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November 21, 2011

UPDATE: LCIS from Dr. Susan Love...

Note:  If you haven't read my 5-part series posting on the subject of LCIS go to 'Archives' dated:
Part 1:  Jan 8, 2011
Part 2:  Jan 30
Part 3:  Feb 14
Part 4:  Mar 23
Part 5:  Aug 16

Dr Susan Love's website:
Under the microscope, LCIS appears as a bunch of small, round cells stuffing the lobules, which normally don't contain any cells. (See diagram.)


If there are only a few cells and they're not too odd-looking, you have lobular hyperplasia. if they fill the whole lobule and look very atypical (odd), you have LCIS. We thought we understood the natural history of LCIS, but new information has challenged our previous ideas.

The old theory was that LCIS doesn't grow into cancer but signals a possible danger—the way, for example, an overcast day warns you it may rain. Because of this, many experts believed that LCIS wasn't, in fact, a true precancer but more of a risk factor. Recent studies, however, suggest that this may not be the case. 

The first piece of evidence that LCIS can actually progress to invasive lobular cancer came from a 2004 analysis of 180 women who had participated in a study of the National Surgical Breast and Bowel Project. After 12 years of follow-up, this study showed that nine (5 percent) women developed invasive breast cancers in the same breast as the LCIS, and that eight of the nine (89 percent) were invasive lobular cancers—in the same area as the original LCIS.

A second piece of evidence was a study of women who had both LCIS and invasive lobular cancer in the same breast. The pattern of mutations in the involved cells was very similar, suggesting that one had indeed evolved from the other. More recently, molecular studies have shown that both LCIS and infiltrating lobular cancers are estrogen-receptor positive (ER+), HER2-negative, and lack expression of a protein called E- cadherin. (The E-cadherin protein helps cells stick together, and its absence may help explain why lobular cancers don't cling together in a nice lump but march cell by cell through the stroma in single file lines forming a diffuse pattern that is often difficult to detect.)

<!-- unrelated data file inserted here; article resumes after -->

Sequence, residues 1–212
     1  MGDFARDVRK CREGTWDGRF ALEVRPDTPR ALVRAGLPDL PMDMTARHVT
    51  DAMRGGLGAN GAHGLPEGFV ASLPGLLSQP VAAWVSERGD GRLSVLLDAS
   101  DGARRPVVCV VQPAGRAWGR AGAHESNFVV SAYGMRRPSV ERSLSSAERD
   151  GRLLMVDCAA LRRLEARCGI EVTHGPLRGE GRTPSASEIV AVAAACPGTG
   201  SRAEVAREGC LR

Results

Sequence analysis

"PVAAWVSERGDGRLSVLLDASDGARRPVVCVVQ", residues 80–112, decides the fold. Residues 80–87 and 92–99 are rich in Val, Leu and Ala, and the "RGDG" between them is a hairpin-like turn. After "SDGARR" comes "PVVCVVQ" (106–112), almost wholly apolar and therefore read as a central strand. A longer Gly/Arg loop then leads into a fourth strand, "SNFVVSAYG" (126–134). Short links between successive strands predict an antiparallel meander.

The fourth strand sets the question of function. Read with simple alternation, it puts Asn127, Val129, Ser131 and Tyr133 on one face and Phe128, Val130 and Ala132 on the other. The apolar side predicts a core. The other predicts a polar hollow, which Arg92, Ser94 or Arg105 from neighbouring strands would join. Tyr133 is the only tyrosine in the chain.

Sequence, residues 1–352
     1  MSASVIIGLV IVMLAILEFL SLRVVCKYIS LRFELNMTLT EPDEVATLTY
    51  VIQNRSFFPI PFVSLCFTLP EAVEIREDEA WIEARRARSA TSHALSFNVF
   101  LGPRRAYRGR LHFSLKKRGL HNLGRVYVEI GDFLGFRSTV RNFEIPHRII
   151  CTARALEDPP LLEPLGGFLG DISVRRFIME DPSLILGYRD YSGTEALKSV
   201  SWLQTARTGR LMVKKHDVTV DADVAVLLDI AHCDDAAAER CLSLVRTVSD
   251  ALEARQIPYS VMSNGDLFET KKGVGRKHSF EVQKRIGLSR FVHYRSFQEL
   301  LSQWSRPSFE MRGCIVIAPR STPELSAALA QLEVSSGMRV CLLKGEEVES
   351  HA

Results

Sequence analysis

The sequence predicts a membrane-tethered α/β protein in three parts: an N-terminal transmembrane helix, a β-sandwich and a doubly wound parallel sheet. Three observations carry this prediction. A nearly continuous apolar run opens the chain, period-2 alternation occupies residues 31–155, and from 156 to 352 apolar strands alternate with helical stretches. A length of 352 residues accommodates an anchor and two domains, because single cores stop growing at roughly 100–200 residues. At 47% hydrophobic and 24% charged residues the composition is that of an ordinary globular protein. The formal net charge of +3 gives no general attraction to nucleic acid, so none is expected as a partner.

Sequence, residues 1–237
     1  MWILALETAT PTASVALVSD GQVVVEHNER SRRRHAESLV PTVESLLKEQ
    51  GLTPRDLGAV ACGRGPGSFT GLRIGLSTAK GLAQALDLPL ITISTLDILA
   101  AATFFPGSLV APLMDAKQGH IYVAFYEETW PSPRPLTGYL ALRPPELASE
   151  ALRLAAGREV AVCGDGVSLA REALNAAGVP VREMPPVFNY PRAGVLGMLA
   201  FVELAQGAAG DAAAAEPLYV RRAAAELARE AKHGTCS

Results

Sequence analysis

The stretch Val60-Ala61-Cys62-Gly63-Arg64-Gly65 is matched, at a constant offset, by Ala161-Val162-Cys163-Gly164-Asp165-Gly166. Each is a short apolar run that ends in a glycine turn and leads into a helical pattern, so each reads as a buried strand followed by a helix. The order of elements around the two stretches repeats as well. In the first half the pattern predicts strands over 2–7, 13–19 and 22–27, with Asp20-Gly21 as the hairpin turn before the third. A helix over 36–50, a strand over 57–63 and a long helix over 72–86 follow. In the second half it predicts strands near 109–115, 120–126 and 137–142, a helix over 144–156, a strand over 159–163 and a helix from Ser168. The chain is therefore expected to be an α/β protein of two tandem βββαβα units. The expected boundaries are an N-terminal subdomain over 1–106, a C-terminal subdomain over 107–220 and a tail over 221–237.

The presence of LCIS increases the risk of breast cancer over that of the average woman by about 1 percent per year for the next 30 years. Even so, the vast majority of women diagnosed with LCIS will never get breast cancer. For this reason, the standard treatment for LCIS is close follow-up. However, there are treatment options a woman can consider. You can learn more about treatment options for LCIS here.

The Last Word:  If you want the whole story on LCIS, go to Dr. Love's official site. I've only included the relevant information here, from the updated study that also appears in the 5th edition of Dr. Susan Love's Breast Book.  
Chapters:  (Look Inside Feature)


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